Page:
[I did a short piece on Eat the Street with a roundup of food trucks for Modern Luxury Hawaii, and they axed the part about Eat the Street. So here’s the whole unedited thing, which was written back in April.]

In January, Poni Askew organized Honolulu’s first food truck rally—Eat the Street. “We were hoping for 500 people and we got about 1,200!,” says the mom of three who started the foodtruck-tracking website as a hobby when, after a long career (in the music and coffee worlds), she found being a stay-at-home mom “didn’t go over so well for me.”

Thanks to a partnership with Kamehameha Schools, Eat the Street is now a monthly event, held the last Thursday of the month in a large Kaka‘ako parking lot at 555 South Street. And in April, Askew launched the weekly Friday Night Bites, a lower-key, smaller confab of mobile eats at 1637 Kapiolani Blvd., on the Diamond Head end of the street.

While Hawaii has a long lunchwagon legacy, in the past two years entrepreneurs have broken the meals on wheels out of the loco-moco and garlic shrimp molds. Now chowhounds follow their favorites for everything from lobster rolls to chicken adobo sliders. Askew already sees the new wave of food trucks influencing the old guard.

“Harris Sukita of Simply Ono—he’s been around forever—came to me and said ‘We’re going to start doing empanadas.’ He’s busting out of his own shell. It’s his first experiment and he’s offering something no one else is,” says Askew. “These new food trucks are getting people to think out of the box and make it exciting for everyone.”

Here are just five of the many notables:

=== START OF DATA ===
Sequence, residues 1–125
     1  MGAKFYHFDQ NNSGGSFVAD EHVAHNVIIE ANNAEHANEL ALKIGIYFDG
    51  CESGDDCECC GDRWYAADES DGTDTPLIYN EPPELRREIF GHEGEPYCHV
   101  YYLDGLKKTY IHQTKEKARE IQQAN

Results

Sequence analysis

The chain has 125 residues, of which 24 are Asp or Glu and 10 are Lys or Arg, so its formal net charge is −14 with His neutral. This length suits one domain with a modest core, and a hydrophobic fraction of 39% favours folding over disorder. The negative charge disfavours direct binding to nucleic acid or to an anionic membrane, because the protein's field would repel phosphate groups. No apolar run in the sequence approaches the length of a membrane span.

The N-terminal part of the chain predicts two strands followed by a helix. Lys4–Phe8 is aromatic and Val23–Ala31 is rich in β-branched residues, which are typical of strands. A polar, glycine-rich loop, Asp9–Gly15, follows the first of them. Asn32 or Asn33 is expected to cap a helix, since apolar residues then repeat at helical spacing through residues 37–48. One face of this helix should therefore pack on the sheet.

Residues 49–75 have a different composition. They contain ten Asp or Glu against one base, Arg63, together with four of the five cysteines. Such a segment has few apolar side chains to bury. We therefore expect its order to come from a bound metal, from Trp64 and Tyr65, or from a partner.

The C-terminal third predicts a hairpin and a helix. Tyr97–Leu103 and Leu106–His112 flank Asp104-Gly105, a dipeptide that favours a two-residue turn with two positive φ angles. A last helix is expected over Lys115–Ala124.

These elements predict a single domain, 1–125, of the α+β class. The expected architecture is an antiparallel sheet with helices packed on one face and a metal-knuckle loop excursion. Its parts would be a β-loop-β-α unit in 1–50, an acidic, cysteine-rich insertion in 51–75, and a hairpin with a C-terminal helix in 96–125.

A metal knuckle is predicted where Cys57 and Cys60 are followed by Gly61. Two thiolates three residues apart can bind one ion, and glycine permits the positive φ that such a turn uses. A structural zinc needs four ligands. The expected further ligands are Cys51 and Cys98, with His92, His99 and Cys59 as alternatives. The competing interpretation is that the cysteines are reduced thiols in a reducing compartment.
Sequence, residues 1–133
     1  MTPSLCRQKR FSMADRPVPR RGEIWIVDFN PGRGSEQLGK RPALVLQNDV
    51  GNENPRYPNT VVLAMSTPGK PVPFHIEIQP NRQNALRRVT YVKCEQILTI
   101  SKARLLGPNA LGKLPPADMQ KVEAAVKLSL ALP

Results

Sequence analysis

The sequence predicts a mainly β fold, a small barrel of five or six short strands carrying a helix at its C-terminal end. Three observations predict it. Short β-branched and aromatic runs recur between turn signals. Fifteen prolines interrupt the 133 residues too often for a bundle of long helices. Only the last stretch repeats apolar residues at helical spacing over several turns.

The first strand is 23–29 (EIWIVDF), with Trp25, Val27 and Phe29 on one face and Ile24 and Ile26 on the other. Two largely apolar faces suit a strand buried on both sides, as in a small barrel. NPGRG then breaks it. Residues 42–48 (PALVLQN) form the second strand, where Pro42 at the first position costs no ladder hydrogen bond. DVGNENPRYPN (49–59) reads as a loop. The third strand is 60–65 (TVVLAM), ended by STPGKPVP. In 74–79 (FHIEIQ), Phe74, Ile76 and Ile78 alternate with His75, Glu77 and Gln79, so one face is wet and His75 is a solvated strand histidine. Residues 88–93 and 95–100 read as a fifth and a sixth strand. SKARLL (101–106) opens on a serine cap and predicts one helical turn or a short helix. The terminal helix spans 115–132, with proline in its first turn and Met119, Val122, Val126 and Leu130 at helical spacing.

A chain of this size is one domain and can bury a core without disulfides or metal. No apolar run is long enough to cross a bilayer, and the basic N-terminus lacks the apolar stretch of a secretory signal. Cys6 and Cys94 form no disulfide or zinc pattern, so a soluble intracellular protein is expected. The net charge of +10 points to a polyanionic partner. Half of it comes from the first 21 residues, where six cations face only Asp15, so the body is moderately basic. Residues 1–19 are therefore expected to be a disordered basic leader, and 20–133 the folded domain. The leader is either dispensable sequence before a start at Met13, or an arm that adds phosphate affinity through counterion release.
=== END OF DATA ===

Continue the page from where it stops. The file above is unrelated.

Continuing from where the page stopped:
Camille’s on Wheels
A few wagons do global “fusion” tacos, but Camille Komine makes the best. A one-time film-world denizen—she’s been everything from make-up artist to food stylist—Komine has found her calling making tacos filled with things like lemongrass-scented pork slowcooked for four hours and mahimahi spiked with chimichurri sauce. She’s also a great baker known for her dulce de leche pecan pie and blue velvet cupcakes.

Gogi Korean Taco Truck [CLOSED]
1637 Kapiolani Blvd,
Former merchant marine cook Jim Wilson has the most pro operation. With a permanent spot and an order-pickup system, food comes out consistently. While the food is the most true to the Los Angeles inspiration, Wilson’s best dishes are his local adaptations of Korean tacos, like braised pork on sweet-bread buns. Did you catch the Gogi cameo on Hawaii Five-0?
Postscript: Jim Wilson is from O‘ahu, but has lived for years in Las Vegas, where he has a business. He opened Gogi Korean as a way to keep a foothold here—and excuse to fly back often. Poni Askew informs me that Wilson’s Vegas business has boomed, not allowing him the time needed to oversee his food truck, and sold it a couple months ago. His buyer was overwhelmed by the work it takes to run a food truck. The business closed, in May and is now for sale. Any aspiring mobile chefs?

Former Nobu Waikiki chefs Lindsey Ozawa and Alejandro Briceño (also V Lounge’s pizzaiolo) and food writer Martha Cheng have O‘ahu craving grilled cheese sandwiches. Hobbs bacon, house-made harissa and pickled onions go really well with Gruyère and gouda.

Zaratez Mexicatessen
3121 Mokihana St.,, 227-1422
Forget Korean tacos, can we get a decent Mexican taco, please? Los Angeles native Paul Zarate answered the call last fall with his chorizo tacos, chicken mulitas, and roasted-tomato salsa. He’s been cooking with his abuela since he was eight—and it shows.

Tacos Vicente
66-632 Kamehameha Hwy., Haleiwa,, 356-9111
This North Shore truck is run by three full-time Brigham Young University students, one of them from a chef-filled family in Cuernavaca, Mexico—the home of al pastor tacos. So no wonder Vicente’s are so good, the red meat pleasantly gritty with ground ancho, guajllo and pasilla chiles, and sliced right off the vertical rotisserie. (Pictured above.)


2 thoughts on “Clustertruck!

  1. I’m sooo stealing “global fusion”! Why didn’t I think of that? Mucho mahalo!!!

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